One of my mentors once told me that the measure of a religion in a pluralistic society is the breadth and depth of benefits it brings to its non-adherents.

It’s a fascinating thought that has kept sparking new thoughts in my mind for many years.

I suppose the converse of the axiom would be something like this: in a pluralistic society, the disfavor felt toward a religion is proportional to the harm it brings its nonadherents.

As a Christian, I think of Jesus’ parable about the kingdom of God: it is like a mustard seed that grows into a sizable bush in which the birds of the air can nest. Although some have a rather sinister interpretation of the parable, my hunch is that Jesus is referring to Psalm 84, where the psalmist, no doubt inspired by sparrows and swallows nesting in the house of worship, finds the image fitting to his own soul finding rest in God’s presence.

Jesus is saying, I believe, that the reality he is conveying in word in deed – he called it the kingdom of God, but we might call it the love economy of God or the sacred ecosystem of God or the dance or song of God or the dream of God coming true – that reality brings vital and joyful benefits to its nonadherents.

Sadly, I too often see in my own religion tendencies towards self-protection and domination that bring fear, not hope, to nonadherents. And my guess is that others could see similar tendencies in their own faith communities.

In this election year, I suspect that many people will be thinking about personal interest only: what benefits will this or that candidate bring me and my family? Others will think exclusively about the interests of their own interest group – their ethnic, social, partisan, national, or religious in-group: what’s in it for us?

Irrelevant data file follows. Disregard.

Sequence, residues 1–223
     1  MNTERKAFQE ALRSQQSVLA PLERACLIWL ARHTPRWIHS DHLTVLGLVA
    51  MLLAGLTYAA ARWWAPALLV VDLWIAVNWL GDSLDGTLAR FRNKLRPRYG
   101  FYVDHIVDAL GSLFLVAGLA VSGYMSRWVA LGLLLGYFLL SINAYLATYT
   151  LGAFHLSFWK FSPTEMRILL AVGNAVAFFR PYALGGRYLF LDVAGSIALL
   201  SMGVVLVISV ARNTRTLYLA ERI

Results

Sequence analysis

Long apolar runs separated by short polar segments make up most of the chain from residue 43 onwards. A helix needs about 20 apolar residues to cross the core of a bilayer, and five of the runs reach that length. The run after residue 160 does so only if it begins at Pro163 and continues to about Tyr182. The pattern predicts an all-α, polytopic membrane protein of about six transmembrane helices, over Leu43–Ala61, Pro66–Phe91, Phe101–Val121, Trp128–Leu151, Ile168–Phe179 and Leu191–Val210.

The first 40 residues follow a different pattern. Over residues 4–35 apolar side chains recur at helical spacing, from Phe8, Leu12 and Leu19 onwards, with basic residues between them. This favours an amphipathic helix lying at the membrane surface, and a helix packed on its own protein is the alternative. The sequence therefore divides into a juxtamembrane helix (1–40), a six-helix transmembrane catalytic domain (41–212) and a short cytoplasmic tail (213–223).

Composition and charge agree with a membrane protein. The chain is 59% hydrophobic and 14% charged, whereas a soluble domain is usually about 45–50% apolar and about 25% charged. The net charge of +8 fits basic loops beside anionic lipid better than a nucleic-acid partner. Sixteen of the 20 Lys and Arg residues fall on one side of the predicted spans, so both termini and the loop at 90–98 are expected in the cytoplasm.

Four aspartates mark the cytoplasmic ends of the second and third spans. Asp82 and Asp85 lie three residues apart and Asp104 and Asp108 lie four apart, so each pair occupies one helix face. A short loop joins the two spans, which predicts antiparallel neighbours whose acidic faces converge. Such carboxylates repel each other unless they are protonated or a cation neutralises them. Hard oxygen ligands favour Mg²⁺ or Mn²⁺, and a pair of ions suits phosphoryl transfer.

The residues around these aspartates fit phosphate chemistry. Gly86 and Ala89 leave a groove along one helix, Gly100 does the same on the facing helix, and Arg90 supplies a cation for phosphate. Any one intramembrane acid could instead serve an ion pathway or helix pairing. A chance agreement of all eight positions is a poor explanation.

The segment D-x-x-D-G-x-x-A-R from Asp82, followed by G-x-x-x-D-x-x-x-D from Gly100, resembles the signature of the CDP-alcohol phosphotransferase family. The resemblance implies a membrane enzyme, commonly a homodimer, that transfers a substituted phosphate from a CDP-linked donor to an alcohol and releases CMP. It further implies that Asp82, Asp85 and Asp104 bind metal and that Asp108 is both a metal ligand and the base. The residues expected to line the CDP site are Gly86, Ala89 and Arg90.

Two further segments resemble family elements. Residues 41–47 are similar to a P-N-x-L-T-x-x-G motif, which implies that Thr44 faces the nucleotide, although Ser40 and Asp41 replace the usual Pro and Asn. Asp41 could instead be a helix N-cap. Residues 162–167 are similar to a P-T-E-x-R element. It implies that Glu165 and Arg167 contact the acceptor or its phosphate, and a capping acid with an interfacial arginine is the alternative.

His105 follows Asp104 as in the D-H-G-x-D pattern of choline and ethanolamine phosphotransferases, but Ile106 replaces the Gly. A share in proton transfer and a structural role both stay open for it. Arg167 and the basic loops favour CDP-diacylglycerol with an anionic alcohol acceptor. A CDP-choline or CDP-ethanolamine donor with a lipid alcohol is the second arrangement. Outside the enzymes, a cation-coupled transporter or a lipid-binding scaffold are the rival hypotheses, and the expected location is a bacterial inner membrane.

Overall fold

But my hope is that more and more of us, especially those inspired by faith, will be thinking about which candidate brings the most wins, the most benefits, the least harm, to everyone. One of Jesus’ early followers said it like this: “Let each of you look not to your own interests, but to the interests of others. Let the same mind be in you that was in Christ Jesus.”

This otherliness – to borrow a phrase from my friends at offthemap.com – reflects an expansion of primal selfishness to ethical neighborliness, and then from neighborliness to something even more radical … compassion and love to the non-neighbor – the other, the stranger, even the enemy.

For people inclined to follow this way of thinking, additional election season questions would be raised beyond the usual “What’s in it for me or us?” Those questions, I believe, are tremendously important for people of radical faith.

(brianmclaren.net)

More from Beliefnet and our partners
previous posts

Thank you for visiting Progressive Revival. This blog is no longer being updated. Please enjoy the archives. Here are some other blogs you may also enjoy: Faith, Media and Culture Prayer, Plain and Simple Happy Blogging!!!  

Originally appeared on Tikkun Daily Blog Ever since the victory over the dictator of Tunisia and the subsequent uprising in Egypt, my email has been flooded with messages from Jews around the world hoping and praying for the victory of the Egyptian people over their cruel Mubarak regime.              Though a small segment of Jews have responded […]

The attempted assassination of Congresswoman Giffords and the murder of so many others in Arizona has elicited a number of policy suggestions, from gun control to private protection for elected officials, to banning incitement to violence on websites either directly or more subtly (e.g., Sarah Palin’s putting a bull’s-eye target on Giffords’ congressional district to […]

Christmas and Chanukah share a spiritual message: that it is possible to bring light and hope in a world of darkness, oppression and despair. But whereas Christmas focuses on the birth of a single individual whose life and mission was itself supposed to bring liberation, Chanukah is about a national liberation struggle involving an entire […]